BERLIN - Stung by Chinese muscle-flexing over minerals crucial for high-technology industries, the German government said Thursday that it would raise the alarm at the Group of 20 talks, even as it looks to step up efforts to develop new supplies in Eastern Europe and Central Asia.
German companies say they are being pressed by Chinese officials to increase their investments in China if they want to be assured of access to rare earth minerals and two other obscure elements, tungsten and antimony. China dominates the mining of these metals.
Of all the countries dependent on these exports, Germany is making the loudest protests about China's behavior and appears dissatisfied with the European Union's more muted approach. Without mentioning China by name, the German economy minister, Rainer Brüderle, said attempts to monopolize such minerals presented a global challenge that had to be addressed at the G-8 and G-20 summit meetings in South Korea next month.
"These materials are decisive, especially for developing Germany's new high technology," Mr. Brüderle, who visited Japan and China last week, said in a statement. He said Germany and Japan wanted to work together to stimulate production in other countries that have rare earth elements.
Such elements are used to make a wide variety of electronic goods, including mobile phones and flat-screen televisions. They also can be found in specialized industrial products like drills and components for electric automobiles.
Three industry officials told The New York Times this week that China, which has been blocking all shipments of crucial minerals to Japan for the past month, has now quietly halted some shipments of those materials to the United States and Europe.
As of Thursday morning, Chinese customs officials, for a fourth day, were blocking final approval of the paperwork necessary for rare earth shipments to be loaded on ships and exported, industry officials said. Some shipments of rare earth metals were still leaving Chinese ports, but they tended to be cargos for which the customs paperwork had been approved before Chinese officials cracked down Monday.
The cuts have caused prices to rise and stoked fears in the industry that there could be a serious shortage of these metals. China denies that any embargo exists.
David Fuller's view This is the latest chapter in a saga that
has alarmed OECD country industrialists and government security departments
(see also Wednesday's lead item).
The China-induced shortage of rare earths is probably the economic story of the year, yet barely understood by many economists and strategists (search the Fullermoney site under 'rare earth' for more on this important subject). It also has broader implications for investors.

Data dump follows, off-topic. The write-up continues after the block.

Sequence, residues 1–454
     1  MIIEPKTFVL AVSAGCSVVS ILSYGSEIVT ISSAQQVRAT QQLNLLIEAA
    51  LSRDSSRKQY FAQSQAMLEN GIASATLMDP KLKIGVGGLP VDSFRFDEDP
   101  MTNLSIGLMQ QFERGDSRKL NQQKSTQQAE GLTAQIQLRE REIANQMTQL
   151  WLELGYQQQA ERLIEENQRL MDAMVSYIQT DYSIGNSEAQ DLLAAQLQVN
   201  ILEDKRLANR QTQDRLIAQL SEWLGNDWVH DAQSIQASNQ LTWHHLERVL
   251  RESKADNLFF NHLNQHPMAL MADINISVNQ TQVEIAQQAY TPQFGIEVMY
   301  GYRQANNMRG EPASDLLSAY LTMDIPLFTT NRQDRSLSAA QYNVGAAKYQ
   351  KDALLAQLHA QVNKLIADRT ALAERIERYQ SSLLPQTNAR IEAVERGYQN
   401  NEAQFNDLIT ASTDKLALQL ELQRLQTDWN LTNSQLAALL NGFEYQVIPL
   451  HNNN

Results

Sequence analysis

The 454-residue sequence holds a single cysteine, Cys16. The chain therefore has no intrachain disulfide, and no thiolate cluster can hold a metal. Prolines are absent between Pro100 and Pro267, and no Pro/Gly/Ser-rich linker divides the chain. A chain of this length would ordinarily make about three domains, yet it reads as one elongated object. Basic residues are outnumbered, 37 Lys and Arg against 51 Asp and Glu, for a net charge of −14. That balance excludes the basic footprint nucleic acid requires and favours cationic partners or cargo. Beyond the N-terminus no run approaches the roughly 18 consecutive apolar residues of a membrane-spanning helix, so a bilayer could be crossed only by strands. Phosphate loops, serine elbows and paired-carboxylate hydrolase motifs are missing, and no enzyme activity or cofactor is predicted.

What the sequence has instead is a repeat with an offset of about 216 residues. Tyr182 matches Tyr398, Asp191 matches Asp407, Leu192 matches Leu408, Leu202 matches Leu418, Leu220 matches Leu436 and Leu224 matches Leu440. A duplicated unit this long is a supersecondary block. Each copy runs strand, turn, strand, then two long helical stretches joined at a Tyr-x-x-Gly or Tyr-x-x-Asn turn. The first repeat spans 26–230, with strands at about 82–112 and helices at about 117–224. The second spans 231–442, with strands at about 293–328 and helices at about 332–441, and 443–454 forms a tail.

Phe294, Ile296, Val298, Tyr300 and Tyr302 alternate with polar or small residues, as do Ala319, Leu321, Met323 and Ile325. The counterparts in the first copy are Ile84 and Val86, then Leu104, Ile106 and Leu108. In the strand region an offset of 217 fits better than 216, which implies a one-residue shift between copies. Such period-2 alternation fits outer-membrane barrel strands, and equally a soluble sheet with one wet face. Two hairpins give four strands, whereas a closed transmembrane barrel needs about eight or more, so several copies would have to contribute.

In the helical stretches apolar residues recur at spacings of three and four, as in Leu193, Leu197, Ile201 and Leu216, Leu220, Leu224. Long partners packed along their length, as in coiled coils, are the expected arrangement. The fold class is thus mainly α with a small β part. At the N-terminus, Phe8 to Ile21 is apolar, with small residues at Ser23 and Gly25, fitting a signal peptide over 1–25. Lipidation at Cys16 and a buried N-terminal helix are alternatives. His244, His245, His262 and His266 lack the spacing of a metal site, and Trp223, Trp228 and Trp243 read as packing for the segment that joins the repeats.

Soaring prices for rare earths metals, many of which have tripled or in some instances risen considerably more this year, can only increase investor interest in commodities and mining companies. Gold and gold shares could be least affected because they have been rising for a decade. However, rare earths have helped investors to rediscover uranium and uranium shares, many of which Eoin has reviewed recently.
Uranium, I should emphasise, is most definitely not a rare earths metal; it is produced in many countries and there is certainly no shortage today. This is why uranium (monthly, weekly & daily) has been the lagging metal over the last two years.
However, uranium is the key energy metal for the future. Energy importing countries which are serious about global warming and eventual energy self-sufficiency will need to build plenty of nuclear reactors. This takes time and the plants are very expensive, not least because of the safety measures required. Nevertheless, once built a few of today's modern nuclear power stations will produce far more clean energy than all the subsidised windmills and solar panels currently envisaged. They are also vastly cleaner than any fossil fuel power stations.
Investors have increasingly poured $ billions into gold ETFs in recent years and this has been a good investment. However, if I ask myself: will gold or uranium have the stronger performance over the next decade - my hunch is that it will be the energy metal.
Gold has been the best store of wealth for millennia, not just the last decade, and is likely to remain so for the very long term. Gold is highly desirable, unlike uranium, which we would most definitely not wish to fondle. However, in future the world will need uranium more than it needs gold, assuming as I do that countries will not give up currency printing for another gold standard.
Fullermoney maintains that gold is still in the secular bull market which we have discussed since 2001. However, it is a lot easier for a strategic metal to double or more from a low base, as we currently have with uranium, than from new highs following a world-beating, decade-long advance.
Uranium Participation Corp (U CN) is the ETF favoured by some informed friends and subscribers. It has been mentioned before and you can read about it on this Fact Sheet link, and here is the specific link for The Manager (Denison Mines Inc, which lists the fees.
I have yet to invest in Uranium Participation Corp but I intend to do so. I did buy some Denison Mines in July and August, as subscribers may recall.
My other uranium investments are via Cameco, Rio Tinto, BHP Billiton and BlackRock World Mining Trust.
Subscribers are always advised to do their own due diligence.
Here is a related article on Rare earth from Bloomberg: Rare-Earth Furor Overlooks China's 2006 Industrial Policy Signal.